In typical usage, the word "steep" more strongly conveys the sense of difficulty. Yet there are exceptions: If you said you had experienced a "steep rise in income" over the past few years, that would clearly be a positive thing, right? That's how psychologists would tend to read "steep learning curve" -- something like "steep rise in proficiency". In common usage, though, it's interpreted as "steep" == "difficult", and "learning curve [implied: plotted against time]" == "learning process", resulting in an opposite connotation.

Really, this is just one of many cases where a specialized term has found its way into common usage in a more-or-less corrupted form. Not unlike "relational" in "relational DBMS", perhaps.

John C.
Tuesday, April 22, 2003

Great points, David. One of my personal favorites is "I could care less", when of course the real intent is "I could not care less" (i.e., I already care so little it's impossible to care less; incidentally, does this imply that caring is quantized? ;-).

John C.
Tuesday, April 22, 2003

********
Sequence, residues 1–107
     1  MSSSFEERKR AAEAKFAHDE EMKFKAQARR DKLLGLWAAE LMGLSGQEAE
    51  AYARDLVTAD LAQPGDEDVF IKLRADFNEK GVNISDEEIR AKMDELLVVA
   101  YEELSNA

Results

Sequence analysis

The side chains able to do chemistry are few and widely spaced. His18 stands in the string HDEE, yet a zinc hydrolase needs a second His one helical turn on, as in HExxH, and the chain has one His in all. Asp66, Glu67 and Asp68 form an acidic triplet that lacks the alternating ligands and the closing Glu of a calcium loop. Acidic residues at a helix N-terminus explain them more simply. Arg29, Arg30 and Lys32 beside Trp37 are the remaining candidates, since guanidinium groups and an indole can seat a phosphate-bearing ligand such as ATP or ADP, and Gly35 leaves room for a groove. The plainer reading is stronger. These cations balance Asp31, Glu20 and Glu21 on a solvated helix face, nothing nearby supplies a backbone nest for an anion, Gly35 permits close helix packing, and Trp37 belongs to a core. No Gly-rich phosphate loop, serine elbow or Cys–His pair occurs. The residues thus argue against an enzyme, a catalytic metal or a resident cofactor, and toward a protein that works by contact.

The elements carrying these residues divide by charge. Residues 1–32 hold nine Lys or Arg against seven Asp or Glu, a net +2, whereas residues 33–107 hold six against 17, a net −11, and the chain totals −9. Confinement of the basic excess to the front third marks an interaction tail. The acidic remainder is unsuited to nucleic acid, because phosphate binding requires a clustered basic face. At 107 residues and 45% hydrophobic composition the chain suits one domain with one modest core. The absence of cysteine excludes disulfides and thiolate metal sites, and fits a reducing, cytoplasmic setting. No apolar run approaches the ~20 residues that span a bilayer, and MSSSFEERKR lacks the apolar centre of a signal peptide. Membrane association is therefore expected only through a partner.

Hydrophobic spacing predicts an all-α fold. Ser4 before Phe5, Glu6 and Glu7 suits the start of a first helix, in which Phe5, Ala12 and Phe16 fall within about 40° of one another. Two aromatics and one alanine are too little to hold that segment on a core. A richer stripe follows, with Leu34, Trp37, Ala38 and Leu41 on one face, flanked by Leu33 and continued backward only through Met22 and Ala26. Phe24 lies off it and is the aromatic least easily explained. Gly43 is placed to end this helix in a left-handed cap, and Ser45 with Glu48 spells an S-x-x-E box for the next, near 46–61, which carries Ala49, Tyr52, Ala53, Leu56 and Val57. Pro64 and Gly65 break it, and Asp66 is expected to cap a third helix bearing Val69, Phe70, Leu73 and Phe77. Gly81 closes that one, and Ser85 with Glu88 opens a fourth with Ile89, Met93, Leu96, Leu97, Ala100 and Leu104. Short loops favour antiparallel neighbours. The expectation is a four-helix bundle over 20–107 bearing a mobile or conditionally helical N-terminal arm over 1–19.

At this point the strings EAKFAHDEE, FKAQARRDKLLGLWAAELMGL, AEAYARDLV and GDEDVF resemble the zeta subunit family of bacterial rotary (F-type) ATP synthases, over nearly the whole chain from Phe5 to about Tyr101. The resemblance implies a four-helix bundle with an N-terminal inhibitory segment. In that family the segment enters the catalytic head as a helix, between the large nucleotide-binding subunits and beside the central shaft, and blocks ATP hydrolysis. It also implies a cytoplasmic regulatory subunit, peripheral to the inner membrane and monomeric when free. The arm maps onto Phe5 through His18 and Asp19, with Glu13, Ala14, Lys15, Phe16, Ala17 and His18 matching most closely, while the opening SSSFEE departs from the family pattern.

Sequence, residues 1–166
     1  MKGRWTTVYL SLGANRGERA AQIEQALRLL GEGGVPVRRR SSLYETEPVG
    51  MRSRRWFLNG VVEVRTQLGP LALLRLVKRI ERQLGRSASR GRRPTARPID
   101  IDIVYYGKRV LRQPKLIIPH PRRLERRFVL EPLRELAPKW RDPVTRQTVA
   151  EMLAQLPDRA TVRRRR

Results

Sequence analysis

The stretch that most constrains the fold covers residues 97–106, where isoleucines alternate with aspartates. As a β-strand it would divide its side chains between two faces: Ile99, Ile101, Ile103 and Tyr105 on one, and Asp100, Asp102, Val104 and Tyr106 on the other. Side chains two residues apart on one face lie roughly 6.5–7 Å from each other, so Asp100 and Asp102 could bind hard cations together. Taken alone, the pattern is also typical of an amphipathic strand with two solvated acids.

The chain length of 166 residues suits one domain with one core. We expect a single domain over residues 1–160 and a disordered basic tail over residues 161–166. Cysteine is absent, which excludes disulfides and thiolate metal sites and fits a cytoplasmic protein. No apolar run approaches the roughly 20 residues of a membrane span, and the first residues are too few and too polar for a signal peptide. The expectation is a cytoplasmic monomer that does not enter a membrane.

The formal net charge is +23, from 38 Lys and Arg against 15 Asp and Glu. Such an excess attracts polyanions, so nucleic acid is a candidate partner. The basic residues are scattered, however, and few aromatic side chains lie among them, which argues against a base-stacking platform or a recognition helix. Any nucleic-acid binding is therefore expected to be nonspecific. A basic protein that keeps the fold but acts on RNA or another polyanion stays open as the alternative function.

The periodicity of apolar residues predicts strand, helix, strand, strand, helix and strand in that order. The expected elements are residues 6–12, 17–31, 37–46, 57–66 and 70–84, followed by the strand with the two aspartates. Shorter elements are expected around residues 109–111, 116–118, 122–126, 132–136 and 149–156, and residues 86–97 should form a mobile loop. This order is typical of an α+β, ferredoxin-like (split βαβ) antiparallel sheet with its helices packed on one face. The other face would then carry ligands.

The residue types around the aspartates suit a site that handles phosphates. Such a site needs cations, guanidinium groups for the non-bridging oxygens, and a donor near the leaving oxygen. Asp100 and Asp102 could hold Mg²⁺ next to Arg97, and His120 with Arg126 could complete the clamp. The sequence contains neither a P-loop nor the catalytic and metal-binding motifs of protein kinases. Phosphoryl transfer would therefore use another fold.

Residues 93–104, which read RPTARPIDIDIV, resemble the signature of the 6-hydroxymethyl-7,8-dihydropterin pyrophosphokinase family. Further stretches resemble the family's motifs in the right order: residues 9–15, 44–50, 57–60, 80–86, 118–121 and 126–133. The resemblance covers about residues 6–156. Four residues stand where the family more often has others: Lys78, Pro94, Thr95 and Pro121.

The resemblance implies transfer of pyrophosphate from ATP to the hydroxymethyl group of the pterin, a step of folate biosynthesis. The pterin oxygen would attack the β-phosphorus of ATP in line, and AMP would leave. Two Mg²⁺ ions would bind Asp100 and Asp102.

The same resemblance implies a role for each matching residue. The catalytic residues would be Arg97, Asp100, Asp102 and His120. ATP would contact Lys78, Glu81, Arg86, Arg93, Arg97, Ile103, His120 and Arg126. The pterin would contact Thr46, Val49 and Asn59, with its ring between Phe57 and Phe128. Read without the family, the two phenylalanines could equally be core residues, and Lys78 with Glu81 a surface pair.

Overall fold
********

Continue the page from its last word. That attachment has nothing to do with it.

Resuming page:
"You can't underestimate" is being used in the sense of you "mustn't underestimate". Think of "you can't go to the board meeting dressed as a pink rabbit".

Modal verbs are notoriously shifty. That's what keeps language teachers like me in a job!

"I could care less" is American. It's the Brits who say "I couldn't care less". I suppose the Americans are being ironic.

Stephen Jones
Tuesday, April 22, 2003

David, to paraphrase Neil Armstrong a quantum leap may be a small step for you but it's a hell of a jump for an electron!

Stephen Jones
Tuesday, April 22, 2003

In a the X axis is Quantity of Knowledge, the Y axis is the time to learn. A steep learning curve is where it takes a long time to learn the initial portion of the thing that you are trying to learn. Therefore, most people use it correctly.

Tim Sullivan
Tuesday, April 22, 2003

Eh, happens all the time, same way 'showstopper' has been completely corrupted. Both defs here: http://dictionary.reference.com/search?q=showstopper
You'll go equally mad trying to get people to stop saying "I'm going to try and..." or any number of other misuses.